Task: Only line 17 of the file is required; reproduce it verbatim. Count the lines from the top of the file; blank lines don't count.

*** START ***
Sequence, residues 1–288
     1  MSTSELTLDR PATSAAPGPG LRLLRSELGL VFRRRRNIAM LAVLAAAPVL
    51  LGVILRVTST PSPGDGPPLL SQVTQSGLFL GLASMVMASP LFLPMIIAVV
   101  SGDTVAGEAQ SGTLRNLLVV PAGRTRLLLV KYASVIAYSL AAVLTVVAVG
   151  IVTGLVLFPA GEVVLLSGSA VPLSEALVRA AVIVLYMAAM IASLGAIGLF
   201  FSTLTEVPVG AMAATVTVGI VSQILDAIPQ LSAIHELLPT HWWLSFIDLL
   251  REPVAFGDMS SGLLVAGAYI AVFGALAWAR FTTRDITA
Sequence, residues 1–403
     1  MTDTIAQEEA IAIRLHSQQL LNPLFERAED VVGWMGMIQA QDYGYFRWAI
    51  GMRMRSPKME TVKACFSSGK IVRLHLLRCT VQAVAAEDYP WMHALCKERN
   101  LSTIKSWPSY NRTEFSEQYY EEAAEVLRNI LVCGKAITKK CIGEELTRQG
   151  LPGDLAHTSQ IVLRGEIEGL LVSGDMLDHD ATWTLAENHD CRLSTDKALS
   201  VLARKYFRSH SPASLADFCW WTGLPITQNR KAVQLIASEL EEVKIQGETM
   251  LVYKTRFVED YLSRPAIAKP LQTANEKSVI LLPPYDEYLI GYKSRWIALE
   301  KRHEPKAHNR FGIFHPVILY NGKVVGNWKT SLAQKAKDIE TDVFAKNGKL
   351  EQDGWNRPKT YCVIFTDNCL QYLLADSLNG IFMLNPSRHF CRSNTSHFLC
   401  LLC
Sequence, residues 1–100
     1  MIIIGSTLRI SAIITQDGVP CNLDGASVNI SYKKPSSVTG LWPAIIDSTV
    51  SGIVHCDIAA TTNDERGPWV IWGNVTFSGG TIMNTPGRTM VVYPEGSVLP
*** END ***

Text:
   401  LLC